cannot fully account for time-varying risk factors, such as increased drug or alcohol use during periods of SSRI medication, worsening of symptoms, or a general psychosocial decline.

Findings examining non-fatal injuries from accidents as well as emergency inpatient or outpatient treatment for alcohol intoxication or misuse as time-varying confounders are tantalizing, but we reached the limits of the administrative data in trying to pursue them.

What can we learn from this study?

Readers seeking a definitive answer from the study to the question of whether antidepressants cause violent behavior or even violent crime will be frustrated.

There does not seem to be a risk of violent crime in individuals over 25 taking antidepressants.

The risk confined to individuals aged between 15 and 25 is, according to the authors, modest, but not insignificant. It represents a 20 to 40% increase in the low likelihood of being convicted of a violent crime. But it is not necessarily causal. The provocative data suggesting that low exposure, rather than no exposure or moderate or high exposure to antidepressants should give pause and suggest something more complex than simple causality may be going on.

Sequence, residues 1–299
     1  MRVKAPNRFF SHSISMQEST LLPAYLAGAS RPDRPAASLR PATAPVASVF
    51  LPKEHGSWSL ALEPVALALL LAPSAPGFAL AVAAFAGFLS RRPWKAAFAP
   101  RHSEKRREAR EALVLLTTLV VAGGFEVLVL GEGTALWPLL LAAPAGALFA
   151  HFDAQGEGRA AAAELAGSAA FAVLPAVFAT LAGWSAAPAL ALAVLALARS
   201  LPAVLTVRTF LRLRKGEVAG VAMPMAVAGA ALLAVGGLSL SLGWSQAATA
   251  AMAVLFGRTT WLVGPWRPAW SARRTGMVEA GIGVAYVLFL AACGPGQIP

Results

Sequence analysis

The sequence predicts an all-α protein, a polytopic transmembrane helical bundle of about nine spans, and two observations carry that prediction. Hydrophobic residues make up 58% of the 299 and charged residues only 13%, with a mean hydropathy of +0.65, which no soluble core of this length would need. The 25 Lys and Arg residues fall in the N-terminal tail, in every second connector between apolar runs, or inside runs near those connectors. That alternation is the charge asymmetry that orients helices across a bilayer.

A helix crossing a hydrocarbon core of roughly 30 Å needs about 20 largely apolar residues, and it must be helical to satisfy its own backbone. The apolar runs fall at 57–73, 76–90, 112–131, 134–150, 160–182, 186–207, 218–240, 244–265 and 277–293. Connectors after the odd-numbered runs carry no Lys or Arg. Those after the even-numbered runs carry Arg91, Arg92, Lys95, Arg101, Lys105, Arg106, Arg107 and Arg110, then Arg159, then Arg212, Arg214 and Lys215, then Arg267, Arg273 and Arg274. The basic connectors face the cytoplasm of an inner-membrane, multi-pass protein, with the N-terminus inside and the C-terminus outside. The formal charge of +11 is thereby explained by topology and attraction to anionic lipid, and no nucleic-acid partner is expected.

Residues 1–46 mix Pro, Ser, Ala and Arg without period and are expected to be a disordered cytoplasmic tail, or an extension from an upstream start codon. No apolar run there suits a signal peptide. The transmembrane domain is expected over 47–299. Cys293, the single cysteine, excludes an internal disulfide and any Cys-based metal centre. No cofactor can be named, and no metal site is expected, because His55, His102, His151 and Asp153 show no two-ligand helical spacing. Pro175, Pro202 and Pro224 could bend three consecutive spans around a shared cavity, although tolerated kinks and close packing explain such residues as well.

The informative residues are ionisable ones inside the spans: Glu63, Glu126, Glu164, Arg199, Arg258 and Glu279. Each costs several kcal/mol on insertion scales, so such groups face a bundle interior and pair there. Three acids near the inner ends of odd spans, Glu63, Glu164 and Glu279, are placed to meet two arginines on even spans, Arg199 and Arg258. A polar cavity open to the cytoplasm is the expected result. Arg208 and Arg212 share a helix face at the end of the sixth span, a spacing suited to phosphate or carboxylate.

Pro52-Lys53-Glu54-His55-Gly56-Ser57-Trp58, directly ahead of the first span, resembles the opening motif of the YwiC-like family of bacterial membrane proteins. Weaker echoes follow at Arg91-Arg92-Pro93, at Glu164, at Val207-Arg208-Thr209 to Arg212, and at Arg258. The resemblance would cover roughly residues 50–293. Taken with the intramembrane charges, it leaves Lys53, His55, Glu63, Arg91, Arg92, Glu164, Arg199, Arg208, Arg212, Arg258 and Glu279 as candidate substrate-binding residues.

This is an ambiguous but important point. Low exposure could represent non-adherence, inconsistent adherence, or periods in which there was a sudden stopping of medication, the effects of which might generate an association between the exposure and violent crimes. It could also represent the influence of time-dependent variables such as use of alcohol or substances that escaped control in the within-individual analyses.